The Facts

The Human Microbiome

Scientists call the microbial populations in and on our body, the Microbiome.  There are nearly 100 trillion bacteria in our bodies and fungal cells (nearly three times our estimated 30 trillion human cells) and they function as our internal pharmacy to maintain our health.   70-90% of these non-human cells reside in various areas of our bodies including our nostrils, our mouth, ears, stomach, gut, and for women in our vaginal canals. These helpful microbes help remove toxins in our body. And they produce vitamins, enzymes, hormones and neurotransmitters — acting as sentinels at the gate when things are in balance.

In 2007 the National Institute of Health (NIH) created a 5-year program called the Human Microbiome Project (HMP) with a goal to study genetic material from 250 healthy young adults. As a result of this study they confirmed that there are common bacteria in each of us but everyone has a unique set of microbes–like a blueprint to your body.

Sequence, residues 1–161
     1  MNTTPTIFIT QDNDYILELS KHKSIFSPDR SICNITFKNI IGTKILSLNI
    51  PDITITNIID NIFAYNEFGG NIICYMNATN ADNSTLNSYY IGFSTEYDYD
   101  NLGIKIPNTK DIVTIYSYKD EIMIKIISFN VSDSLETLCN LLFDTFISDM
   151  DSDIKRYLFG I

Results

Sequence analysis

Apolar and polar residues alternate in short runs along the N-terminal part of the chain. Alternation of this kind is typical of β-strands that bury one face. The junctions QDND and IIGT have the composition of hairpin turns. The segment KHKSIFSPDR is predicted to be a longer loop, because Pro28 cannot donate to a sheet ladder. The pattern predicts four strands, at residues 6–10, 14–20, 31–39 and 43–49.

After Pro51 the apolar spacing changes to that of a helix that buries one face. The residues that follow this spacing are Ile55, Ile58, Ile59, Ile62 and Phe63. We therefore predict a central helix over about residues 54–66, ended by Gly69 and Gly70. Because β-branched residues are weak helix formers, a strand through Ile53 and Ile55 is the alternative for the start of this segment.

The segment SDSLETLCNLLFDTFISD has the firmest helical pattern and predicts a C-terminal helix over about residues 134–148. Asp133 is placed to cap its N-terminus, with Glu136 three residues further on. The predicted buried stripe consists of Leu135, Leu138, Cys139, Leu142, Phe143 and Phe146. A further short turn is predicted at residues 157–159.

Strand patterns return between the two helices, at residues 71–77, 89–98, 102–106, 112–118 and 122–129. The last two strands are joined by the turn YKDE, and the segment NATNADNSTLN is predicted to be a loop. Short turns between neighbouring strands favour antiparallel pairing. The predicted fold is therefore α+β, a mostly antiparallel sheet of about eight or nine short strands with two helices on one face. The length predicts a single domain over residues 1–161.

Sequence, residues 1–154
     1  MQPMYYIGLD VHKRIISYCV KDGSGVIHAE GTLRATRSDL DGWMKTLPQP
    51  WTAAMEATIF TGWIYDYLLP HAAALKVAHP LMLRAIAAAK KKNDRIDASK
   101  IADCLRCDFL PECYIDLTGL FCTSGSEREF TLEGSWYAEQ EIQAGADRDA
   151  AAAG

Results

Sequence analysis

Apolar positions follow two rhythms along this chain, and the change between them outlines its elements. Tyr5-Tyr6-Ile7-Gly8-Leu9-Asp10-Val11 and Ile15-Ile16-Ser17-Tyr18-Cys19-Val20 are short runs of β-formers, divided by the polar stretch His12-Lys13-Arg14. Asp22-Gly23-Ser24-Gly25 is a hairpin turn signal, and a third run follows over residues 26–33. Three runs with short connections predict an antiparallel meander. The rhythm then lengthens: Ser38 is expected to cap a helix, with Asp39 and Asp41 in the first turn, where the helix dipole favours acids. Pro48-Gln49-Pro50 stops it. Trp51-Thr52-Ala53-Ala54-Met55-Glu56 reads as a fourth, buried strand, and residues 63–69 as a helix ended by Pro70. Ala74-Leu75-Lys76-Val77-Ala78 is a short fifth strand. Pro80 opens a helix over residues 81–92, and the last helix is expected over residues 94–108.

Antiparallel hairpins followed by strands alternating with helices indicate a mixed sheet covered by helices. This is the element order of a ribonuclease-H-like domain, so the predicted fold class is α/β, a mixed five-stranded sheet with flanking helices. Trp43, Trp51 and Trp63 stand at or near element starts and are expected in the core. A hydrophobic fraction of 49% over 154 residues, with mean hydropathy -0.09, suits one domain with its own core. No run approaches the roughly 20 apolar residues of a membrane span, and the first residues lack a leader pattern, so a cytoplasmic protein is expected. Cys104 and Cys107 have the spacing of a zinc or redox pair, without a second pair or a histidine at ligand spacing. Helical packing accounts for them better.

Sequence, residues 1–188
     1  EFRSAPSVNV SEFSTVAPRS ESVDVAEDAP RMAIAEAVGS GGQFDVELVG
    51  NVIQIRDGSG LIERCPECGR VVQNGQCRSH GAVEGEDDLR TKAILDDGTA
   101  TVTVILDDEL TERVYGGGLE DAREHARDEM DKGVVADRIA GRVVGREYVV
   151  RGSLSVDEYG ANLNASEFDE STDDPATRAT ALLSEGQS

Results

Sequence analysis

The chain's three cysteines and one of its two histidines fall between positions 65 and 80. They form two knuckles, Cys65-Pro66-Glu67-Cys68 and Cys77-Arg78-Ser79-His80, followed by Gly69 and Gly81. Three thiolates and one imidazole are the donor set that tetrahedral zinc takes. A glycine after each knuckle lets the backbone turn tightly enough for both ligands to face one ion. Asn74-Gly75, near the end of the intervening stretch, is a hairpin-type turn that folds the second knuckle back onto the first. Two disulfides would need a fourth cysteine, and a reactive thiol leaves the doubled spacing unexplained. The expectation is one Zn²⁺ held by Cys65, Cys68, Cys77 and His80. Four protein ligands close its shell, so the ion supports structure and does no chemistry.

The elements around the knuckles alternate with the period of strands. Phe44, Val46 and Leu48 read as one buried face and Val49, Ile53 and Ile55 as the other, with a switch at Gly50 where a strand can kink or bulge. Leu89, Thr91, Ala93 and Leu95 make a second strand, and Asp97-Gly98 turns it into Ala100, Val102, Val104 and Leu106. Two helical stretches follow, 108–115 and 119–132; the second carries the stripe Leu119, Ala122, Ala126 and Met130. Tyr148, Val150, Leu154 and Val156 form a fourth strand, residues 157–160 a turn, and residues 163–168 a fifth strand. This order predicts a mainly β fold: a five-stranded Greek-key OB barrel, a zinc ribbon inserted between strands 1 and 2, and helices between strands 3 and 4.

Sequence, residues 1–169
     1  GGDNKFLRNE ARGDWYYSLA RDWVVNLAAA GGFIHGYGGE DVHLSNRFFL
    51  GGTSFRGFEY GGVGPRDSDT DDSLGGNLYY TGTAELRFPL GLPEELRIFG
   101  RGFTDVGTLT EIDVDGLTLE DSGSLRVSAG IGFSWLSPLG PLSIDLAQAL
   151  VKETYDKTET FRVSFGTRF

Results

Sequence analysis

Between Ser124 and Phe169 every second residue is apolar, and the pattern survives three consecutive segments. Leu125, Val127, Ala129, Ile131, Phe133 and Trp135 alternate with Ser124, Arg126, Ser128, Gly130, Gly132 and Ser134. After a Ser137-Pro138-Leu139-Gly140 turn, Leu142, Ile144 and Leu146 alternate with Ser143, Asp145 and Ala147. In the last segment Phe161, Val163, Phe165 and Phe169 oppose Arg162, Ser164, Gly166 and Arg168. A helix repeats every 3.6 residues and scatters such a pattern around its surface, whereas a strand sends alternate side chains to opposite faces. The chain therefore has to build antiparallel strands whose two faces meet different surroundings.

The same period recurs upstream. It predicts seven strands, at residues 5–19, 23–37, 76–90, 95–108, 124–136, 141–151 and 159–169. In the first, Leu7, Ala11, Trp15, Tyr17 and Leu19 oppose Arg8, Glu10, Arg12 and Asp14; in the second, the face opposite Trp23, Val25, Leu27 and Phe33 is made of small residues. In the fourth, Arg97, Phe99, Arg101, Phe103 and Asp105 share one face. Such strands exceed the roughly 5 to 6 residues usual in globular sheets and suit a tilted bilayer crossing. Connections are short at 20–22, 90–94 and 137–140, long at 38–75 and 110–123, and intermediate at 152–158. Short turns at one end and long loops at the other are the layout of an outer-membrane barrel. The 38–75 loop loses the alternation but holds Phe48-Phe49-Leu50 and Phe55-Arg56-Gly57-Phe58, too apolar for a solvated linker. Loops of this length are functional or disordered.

Your microbes are important to your activities of daily living. When you eat, microbes are part of the journey, helping to break down and digest your food, maintain metabolism, blood pressure, and provide immunity.

Our microbes are vital to our lives, but they are in jeopardy due to various modern day factors including overuse and misuse of antibiotics and Caesarean sections. Read more about the impact of antibiotics on our bodies.

By the time a child can crawl, he has been blanketed by an enormous, unseen cloud of microorganisms--a hundred trillion or more. They are bacteria, mostly, but also viruses and fungi (including a variety of yeasts), and they come at us from all directions: other people, food, furniture, clothing, cars, buildings, trees, pets, even the air we breathe....Together, they are referred to as our microbiome--and they play such a crucial role in our lives that scientists like [Martin J.] Blaser have begun to reconsider what it means to be human...

Michael Specter